HRT, the Pill and cancer risk
Do HRT and hormonal contraceptives increase the risk of cancer?
Hormone replacement therapy (HRT)
HRT is taken by women going through the menopause to help reduce symptoms, such as hot flushes, night sweats and mood changes. It works by increasing the amount of oestrogen, which naturally drops during the menopause, in the body.
There is strong evidence that taking HRT increases the risk of breast, womb and ovarian cancers. However, this increase is only slight – fewer than 2,000 cases of cancer are thought to be preventable in the UK if everyone avoided taking HRT, compared with nearly 25,000 cases that could be prevented by maintaining a healthy weight.
A woman’s exact risk is dependent on the type of HRT being taken, how long it is taken for and how strong the dose is.
HRT does have benefits for women. It can improve quality of life by relieving many of the symptoms of menopause. There is also evidence that it can reduce a woman’s risk of developing bowel cancer and osteoporosis (thin or weak bones).
It is best to discuss whether to start or stop using HRT with your doctor, who will be able to tell you what options are available to you. For some women, the benefits may outweigh the risks. However, to minimise the risk of breast cancer, it is preferable to use the lowest dose of HRT necessary to relieve your symptoms for the shortest possible time.
HRT does affect different cancers in different ways, though the overall increased risk is small.
Studies have shown that taking combined HRT (which contains the hormones oestrogen and progesterone) increases the risk of breast cancer. The evidence about oestrogen-only HRT is less clear – it may also increase risk, but to a lesser extent than with combined HRT.
With combined HRT, the risk of developing breast cancer increases slightly the longer you take HRT, but decreases gradually once you stop. Five years after stopping HRT, the risk of developing breast cancer will be the same as if it had never been taken. The evidence is less clear for oestrogen-only HRT.
Naturally occurring oestrogen and progesterone are thought to affect the growth of some breast cancers – having higher levels of these hormones from taking HRT might explain why it increases the risk of breast cancer, but we don’t yet know for sure.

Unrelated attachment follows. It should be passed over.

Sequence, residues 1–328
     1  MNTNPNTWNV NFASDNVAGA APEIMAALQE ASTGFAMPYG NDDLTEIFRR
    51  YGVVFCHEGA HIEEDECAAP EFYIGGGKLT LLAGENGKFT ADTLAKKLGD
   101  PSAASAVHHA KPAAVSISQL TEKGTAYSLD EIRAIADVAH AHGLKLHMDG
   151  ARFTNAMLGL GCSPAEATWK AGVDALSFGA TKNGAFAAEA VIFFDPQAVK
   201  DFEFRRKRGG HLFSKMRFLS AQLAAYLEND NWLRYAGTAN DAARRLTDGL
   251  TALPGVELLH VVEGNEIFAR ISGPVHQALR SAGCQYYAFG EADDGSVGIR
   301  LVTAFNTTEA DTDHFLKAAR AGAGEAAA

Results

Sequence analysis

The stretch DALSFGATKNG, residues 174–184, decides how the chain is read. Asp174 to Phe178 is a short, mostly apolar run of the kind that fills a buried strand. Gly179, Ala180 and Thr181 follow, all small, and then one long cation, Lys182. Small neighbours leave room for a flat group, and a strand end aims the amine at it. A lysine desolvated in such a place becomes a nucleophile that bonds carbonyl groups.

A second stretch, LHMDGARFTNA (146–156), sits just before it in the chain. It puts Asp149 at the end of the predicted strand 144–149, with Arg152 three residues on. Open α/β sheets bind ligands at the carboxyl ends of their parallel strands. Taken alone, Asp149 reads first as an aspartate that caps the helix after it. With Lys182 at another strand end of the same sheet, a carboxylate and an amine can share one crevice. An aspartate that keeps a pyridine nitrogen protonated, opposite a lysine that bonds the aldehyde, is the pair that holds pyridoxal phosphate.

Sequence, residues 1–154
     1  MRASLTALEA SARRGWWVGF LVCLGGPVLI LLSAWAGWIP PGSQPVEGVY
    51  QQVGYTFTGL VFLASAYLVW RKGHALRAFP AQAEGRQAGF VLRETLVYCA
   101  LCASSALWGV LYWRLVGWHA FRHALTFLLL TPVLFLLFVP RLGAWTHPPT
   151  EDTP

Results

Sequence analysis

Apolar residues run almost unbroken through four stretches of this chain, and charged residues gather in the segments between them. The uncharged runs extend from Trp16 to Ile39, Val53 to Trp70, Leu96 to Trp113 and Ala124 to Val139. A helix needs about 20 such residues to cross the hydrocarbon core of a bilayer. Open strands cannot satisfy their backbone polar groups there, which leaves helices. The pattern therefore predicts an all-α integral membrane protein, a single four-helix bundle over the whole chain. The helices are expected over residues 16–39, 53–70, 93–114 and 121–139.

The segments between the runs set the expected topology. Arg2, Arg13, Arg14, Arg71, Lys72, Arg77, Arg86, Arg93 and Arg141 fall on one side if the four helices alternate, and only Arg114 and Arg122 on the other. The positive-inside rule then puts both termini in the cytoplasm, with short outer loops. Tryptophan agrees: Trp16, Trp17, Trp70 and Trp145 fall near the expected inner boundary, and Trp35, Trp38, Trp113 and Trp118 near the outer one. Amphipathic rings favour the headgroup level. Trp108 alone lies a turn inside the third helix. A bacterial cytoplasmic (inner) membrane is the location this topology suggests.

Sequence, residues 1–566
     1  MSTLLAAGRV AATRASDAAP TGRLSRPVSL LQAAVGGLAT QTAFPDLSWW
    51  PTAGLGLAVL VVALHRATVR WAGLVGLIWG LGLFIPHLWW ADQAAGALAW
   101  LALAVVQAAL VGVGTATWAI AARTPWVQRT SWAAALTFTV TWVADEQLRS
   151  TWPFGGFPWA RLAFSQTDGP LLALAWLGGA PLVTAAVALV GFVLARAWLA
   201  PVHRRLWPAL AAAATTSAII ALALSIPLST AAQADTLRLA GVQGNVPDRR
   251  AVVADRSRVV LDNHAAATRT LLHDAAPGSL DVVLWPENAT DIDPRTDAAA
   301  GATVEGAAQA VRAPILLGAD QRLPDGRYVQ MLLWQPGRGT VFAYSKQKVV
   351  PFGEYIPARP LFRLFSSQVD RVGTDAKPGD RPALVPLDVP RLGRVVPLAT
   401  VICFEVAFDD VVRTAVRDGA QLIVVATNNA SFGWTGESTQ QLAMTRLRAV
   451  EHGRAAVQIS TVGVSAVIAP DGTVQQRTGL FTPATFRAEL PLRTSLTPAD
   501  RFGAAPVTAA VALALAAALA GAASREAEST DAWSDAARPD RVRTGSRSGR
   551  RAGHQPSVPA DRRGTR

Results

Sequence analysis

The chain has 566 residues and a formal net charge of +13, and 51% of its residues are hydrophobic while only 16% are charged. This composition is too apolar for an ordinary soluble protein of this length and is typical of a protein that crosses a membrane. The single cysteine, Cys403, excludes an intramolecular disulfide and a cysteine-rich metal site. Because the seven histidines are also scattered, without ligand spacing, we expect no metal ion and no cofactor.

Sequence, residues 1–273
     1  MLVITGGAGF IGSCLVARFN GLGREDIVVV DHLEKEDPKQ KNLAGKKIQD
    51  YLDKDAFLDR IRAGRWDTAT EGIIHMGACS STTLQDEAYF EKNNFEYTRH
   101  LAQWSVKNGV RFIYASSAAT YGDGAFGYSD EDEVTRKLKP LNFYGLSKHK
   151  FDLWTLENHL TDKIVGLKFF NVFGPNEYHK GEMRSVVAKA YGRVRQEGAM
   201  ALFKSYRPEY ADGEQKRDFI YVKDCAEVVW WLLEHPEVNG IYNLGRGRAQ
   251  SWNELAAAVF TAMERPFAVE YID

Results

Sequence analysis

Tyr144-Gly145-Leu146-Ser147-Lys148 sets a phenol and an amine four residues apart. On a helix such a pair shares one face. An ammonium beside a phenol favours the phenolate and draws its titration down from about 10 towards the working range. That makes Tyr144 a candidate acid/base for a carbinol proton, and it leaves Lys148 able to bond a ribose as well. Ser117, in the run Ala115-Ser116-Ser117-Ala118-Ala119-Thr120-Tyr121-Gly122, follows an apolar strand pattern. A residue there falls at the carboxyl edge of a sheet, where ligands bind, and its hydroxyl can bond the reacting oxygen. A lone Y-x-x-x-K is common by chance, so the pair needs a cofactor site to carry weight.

There is strong evidence that oestrogen-only HRT increases the risk of womb cancer. The evidence relating to combined HRT is less clear: the increase in womb cancer risk seems to be smaller in women using combined HRT than oestrogen-only HRT. It is also possible that, with the correct dose of progesterone within combined HRT, there is no effect on risk, but this is still to be shown in the evidence.
Evidence has shown an increase in risk of ovarian cancer from taking both combined and oestrogen-only HRT. The size of the increase in risk is small, but it is seen quite quickly (in women who have been taking HRT for less than five years). However, once HRT stops being taken, the risk does start to reduce.
There is some evidence that HRT may reduce the risk of bowel cancer, but as yet there is insufficient evidence to confirm which type of HRT is most beneficial, the size of the reduction in risk or how long the benefit lasts for. More research is needed to confirm these.
Hormonal contraception (such as the Pill)
Research to date suggests all types of hormonal contraception, including the combination (oestrogen and progesterone containing) pill, the progesterone-only pill (known as the mini-pill) and the contraceptive patch (which contains oestrogen and progesterone), increase the risk of breast cancer compared with women who do not use these forms of contraception. But more research is needed to confirm this, especially the link between the progesterone-only pill and breast cancer, where the evidence is less clear.
There is also some research suggesting a link between long-term use of combined (oestrogen and progestogen) contraception, such as the combination pill and patch, and a small increased risk of developing cervical cancer.
With the combination pill (the evidence is less clear for the progesterone-only mini-pill), the risk slightly increases when taking the pill, but slowly returns to normal after you stop. For both breast and cervical cancer, evidence shows that 10 years after you stop taking the combination pill, your risk will be the same as if it had never been taken. This has also been shown for breast cancer risk on women who took the progesterone-only pill.
Evidence shows the pill offers some protection against some cancers, by reducing the risk of developing ovarian (risk continues to decrease the longer the pill is taken for), womb (for at least 15 years after you stop taking the pill), liver and bowel cancers. This may also be the case for the contraceptive patch. More research is needed to confirm these links.
The increase in cancer risk from using any form of hormonal contraception is very small and, for many women, the benefits may outweigh the risk. However, if you are concerned, it is best to discuss your options with your doctor.